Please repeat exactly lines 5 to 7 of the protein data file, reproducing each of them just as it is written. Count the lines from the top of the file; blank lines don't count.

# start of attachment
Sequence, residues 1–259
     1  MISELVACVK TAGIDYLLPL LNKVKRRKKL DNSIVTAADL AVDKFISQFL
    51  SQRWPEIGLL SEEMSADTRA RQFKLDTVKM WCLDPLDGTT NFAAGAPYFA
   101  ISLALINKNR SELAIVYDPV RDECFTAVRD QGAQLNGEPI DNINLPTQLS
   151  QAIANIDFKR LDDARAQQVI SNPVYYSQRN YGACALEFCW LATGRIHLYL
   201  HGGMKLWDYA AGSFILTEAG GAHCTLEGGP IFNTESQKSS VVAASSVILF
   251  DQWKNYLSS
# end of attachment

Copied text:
   151  QAIANIDFKR LDDARAQQVI SNPVYYSQRN YGACALEFCW LATGRIHLYL
   201  HGGMKLWDYA AGSFILTEAG GAHCTLEGGP IFNTESQKSS VVAASSVILF
   251  DQWKNYLSS